Time to lure quality inbound FDI
In the increasingly globalizing world economy, rising cross-border investment is a crucial feature of open economies along with cross-border free trade. Korea has long adopted a trade-oriented economic development strategy, and aims to achieve $1 trillion in trade for 2011.
If successful, Korea will become only the ninth nation to achieve such a milestone. In light of this ambition, where stands the status of Korea’s in- and outflows of foreign direct investment (FDI)?
The Asian financial crisis of 1997-1998 provided new momentum for Korea to lift restrictions on portfolio investment by foreigners and open her markets to foreign direct investment.
The primary force behind this momentum was up to that time the largest-ever financial bailout package from the International Monetary Fund (IMF).
With the IMF funds accepted as a last resort against a possible moratorium on Korea’s mounting foreign debt and the accompanying massive service burden, the IMF’s conditions for the bailout mandated that Korea open her capital market.
In the years since, Korea has implemented a series of liberalization measures in regards to her portfolio market, with just one result being that the foreign-owned share of the country’s bourse at one time reached 45 percent of total stock market capitalization.
Despite Korea’s proactive FDI inducement policy, however, the actual amount of recorded inbound foreign direct investment has proven disappointing compared to the country’s potential to induce this invaluable aspect of the national economic composition.
Although the United Nations Conference on Trade and Development ranked Korea 16th on its 2008 FDI inducement potential index, taking into consideration such factors as GDP, trade volume, fixed line and mobile phone subscribers and country risk among other factors, Korea’s inward FDI index was rated 126th among the 141 countries surveyed.
Directly after the Asian financial crisis, FDI into Korea rose sharply, attributable to foreign-led mergers and acquisitions of near-bankrupt Korean companies.
In the past five years, inbound foreign direct investment has continued in a downward direction while in contrast, outbound foreign investment by Korean companies has shot upward as they actively established a business presence in both developed and developing countries.
As a consequence, Korea currently exhibits a serious imbalance between her outbound and inbound FDI totals. To illustrate, Korea’s actual outbound FDI recorded $23 billion in 2010 whereas inbound FDI (calculated on an arrival basis) totaled a mere $5.3 billion.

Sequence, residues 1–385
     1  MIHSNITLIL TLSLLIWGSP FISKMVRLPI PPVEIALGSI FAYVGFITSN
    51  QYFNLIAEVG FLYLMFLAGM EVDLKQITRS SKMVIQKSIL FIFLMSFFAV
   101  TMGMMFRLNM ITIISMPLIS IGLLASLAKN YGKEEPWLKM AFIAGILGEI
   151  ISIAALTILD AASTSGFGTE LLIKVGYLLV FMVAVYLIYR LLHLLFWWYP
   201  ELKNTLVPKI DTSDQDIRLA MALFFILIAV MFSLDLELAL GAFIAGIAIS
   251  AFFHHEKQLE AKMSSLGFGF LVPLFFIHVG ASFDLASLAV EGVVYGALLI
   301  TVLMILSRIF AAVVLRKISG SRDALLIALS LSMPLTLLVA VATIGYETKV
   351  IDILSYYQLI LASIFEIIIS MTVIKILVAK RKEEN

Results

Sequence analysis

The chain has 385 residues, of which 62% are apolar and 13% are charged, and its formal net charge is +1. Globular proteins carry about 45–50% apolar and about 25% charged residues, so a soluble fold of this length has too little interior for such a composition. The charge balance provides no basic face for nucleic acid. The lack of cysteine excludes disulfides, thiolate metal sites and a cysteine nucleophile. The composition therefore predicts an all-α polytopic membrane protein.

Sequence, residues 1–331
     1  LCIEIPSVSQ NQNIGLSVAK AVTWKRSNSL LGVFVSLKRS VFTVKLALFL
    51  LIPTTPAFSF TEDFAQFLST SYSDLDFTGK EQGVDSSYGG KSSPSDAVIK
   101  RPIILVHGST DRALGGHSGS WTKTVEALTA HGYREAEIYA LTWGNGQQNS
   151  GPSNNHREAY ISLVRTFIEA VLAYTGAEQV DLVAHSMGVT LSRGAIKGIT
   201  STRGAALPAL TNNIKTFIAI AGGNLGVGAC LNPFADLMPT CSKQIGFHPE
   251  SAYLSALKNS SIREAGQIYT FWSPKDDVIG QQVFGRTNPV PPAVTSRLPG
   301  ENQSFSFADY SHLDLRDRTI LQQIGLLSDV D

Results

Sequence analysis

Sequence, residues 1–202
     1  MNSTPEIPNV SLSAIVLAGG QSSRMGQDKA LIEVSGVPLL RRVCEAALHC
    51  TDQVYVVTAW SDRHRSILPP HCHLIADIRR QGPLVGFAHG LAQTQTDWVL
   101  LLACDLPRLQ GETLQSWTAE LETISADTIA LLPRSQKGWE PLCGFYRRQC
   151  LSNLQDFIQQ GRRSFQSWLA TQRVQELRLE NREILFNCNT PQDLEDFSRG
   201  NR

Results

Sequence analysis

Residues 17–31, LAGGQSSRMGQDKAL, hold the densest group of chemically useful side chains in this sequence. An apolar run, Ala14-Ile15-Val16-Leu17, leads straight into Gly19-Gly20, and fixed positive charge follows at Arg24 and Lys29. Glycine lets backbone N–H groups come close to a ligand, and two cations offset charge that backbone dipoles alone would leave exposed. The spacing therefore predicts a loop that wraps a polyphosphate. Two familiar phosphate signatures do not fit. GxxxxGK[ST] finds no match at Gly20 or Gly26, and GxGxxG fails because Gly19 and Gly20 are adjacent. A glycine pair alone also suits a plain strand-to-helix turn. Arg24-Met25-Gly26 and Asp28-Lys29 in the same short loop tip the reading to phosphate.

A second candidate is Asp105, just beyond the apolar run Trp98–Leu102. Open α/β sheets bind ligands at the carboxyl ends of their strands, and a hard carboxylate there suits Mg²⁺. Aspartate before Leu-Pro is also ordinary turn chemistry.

In order to make Korea a Northeast Asia business hub, Korea had designated a total of six free economic zones in 2003 but their quality FDI attraction has also been quite less than expected.
The scale of this gap has been compounded by the recent global financial crisis as economically burdened advanced economies witnessed a significant contraction in their cross-border investment activities.
Against this backdrop, it is very clear that Korea needs to renew her efforts to increase inbound foreign investment, which will in turn generate a positive multi-faceted impact on the domestic economy.
Korea needs to make special efforts to attract multinational firms, which can produce synergy effects with local firms in upgrading the value-added chains of Korean economy and R&D capabilities in search for a new engine of growth in the areas of “green industry,” bio-pharmaceutical industries, fashion and tourism industries, and other knowledge industries.
Despite the fact that Korea’s potential growth rate has dwindled from roughly 8 percent until the early 1990s to the mid-3 percent level due to sharply declining labor and capital stocks and total factor productivity, the country recovered from the current global financial crisis faster than other OECD economies.
That said, Korea still has serious youth unemployment issues as the country struggles to deal with nearly 1 million young job seekers.
If Korea can succeed in inducing FDI not only from advanced economies but also from those deemed as “emerging” like China, India, and Brazil to the extent of the country’s outbound investment performance, the country will surely see a number of positive outcomes ― job creation, transfer of new technology and managerial practices, a balanced capital account and a more globalized outlook for the Korean workforce. The results will thrust Korea more closely toward her goal of becoming a Northeast Asian business hub, thus encompassing China, Japan, and the Russian Far East with positive linkages both economically as well as in regard to security.
Ahn Choong-young is Distinguished Professor of Chung-Ang University and KOTRA’s Foreign Investment Ombudsman